In a world where device fragmentation is increasing, taking a mobile-first approach is yesterday’s thinking. 

There’s no doubt that the smartphone has changed the way we all engage with the world around us.

We’re all glued to apps on our mobiles (Flappy Bird anyone?). And website owners have seen the steady, inexorable rise in mobile traffic to their sites, which spawned the inevitable rethink about how web experiences are delivered on mobile devices (yes, I’m looking at you responsive design).

So it isn’t surprising that the world is talking about making sure you take a ‘mobile-first’ approach. But I disagree.

If you’re adopting a mobile-first approach, you’re in danger of soon coming up against the same problems that you faced as your audience started the move from desktop to mobile – namely an experience that isn’t optimised for the device that the user is using.

Why? Because before you know it, your audience will be accessing your services on devices you’ve not even thought about yet.

And if their experience isn’t optimal, they’ll quickly find your competitor, who does give them an optimal experience.

Separate the service from the user interface

Software engineers have long understood the benefits of separating form from function, i.e. how something looks from what it does. By separating the two, it is possible to adjust one without (always) affecting the other. Need to reskin something due to a brand refresh? Just change the ‘how it looks’ part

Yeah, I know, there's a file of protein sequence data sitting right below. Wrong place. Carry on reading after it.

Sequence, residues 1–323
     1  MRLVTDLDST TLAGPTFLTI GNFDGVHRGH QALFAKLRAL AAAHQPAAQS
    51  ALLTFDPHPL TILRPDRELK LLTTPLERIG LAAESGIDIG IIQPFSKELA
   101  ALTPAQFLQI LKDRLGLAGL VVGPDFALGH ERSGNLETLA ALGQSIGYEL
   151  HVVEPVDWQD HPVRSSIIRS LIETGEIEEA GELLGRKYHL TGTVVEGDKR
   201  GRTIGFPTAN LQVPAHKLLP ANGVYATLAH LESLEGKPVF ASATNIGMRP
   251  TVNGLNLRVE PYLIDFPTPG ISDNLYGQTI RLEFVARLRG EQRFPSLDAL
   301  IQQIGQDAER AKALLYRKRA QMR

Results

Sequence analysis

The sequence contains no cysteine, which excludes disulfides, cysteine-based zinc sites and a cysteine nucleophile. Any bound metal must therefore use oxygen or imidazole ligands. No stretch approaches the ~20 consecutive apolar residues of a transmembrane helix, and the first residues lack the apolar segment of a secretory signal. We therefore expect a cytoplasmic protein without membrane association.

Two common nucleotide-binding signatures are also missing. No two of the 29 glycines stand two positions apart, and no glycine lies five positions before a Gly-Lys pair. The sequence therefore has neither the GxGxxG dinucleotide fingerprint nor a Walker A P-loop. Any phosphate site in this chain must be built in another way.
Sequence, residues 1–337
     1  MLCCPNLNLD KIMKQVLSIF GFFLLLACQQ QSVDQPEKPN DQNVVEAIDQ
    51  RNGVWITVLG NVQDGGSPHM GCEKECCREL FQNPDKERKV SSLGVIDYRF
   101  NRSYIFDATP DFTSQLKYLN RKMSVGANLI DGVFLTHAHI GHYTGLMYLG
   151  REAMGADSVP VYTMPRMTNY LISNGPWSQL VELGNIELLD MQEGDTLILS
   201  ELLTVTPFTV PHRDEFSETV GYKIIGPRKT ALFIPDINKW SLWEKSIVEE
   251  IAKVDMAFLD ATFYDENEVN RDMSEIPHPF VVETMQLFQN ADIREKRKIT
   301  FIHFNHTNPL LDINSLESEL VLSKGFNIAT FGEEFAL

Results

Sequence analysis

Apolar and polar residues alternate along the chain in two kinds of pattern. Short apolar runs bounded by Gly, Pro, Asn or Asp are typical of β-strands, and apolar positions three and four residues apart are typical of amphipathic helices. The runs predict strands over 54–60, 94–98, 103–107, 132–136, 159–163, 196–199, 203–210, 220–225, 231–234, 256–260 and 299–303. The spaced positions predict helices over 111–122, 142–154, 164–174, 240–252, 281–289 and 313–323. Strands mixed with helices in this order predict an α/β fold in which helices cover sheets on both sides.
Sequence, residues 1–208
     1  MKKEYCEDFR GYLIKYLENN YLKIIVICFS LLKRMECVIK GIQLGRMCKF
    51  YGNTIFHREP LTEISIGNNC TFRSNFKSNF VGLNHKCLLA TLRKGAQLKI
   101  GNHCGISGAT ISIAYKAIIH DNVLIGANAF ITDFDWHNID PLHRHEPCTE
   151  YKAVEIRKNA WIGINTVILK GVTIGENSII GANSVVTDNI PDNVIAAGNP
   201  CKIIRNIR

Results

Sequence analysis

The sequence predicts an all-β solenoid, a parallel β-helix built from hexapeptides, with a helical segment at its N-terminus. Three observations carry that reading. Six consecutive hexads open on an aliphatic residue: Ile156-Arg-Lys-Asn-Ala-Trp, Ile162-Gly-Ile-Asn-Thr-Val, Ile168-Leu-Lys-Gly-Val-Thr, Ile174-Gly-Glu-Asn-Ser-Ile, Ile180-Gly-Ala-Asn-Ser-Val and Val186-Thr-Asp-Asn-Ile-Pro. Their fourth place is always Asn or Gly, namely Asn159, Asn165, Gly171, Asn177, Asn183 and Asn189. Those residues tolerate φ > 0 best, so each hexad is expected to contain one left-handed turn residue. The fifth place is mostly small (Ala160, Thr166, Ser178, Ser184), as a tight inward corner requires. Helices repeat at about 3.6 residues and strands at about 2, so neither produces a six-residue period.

Need to make a search function more intelligent? Just change the ‘what it does’ part.

It’s a service, not a website

When you’re next thinking of creating a website, stop for a moment. Don’t think of it as a website. It’s an opportunity to engage your audience with a digital service.

The way in which your audience engages with that service will change over time. They might want to engage with it using a tablet, a smart watch or even an in-car console.

So build the service and then think about how you’ll give people access to that service on the many devices that they’ll want to use.

Each one will have a user interface that is optimised to that device, ensuring the user has the best possible experience. If you can give them that, they’re more likely to use it, come back to it more often and share it with their friends.

In technical terms, we make services available to devices through APIs (Application Programming Interfaces). These are simple, well-defined building blocks that encapsulate the functionality that the service provides.

Delivering the service on a device is then just a case of building a user interface on top of the API.

Think API first

So, the future isn’t about thinking mobile first. It’s about thinking API first. Only by thinking this way will we be able to efficiently deliver services across the plethora of connected devices (in the widest sense) that is coming down the track.

Are you thinking API first yet?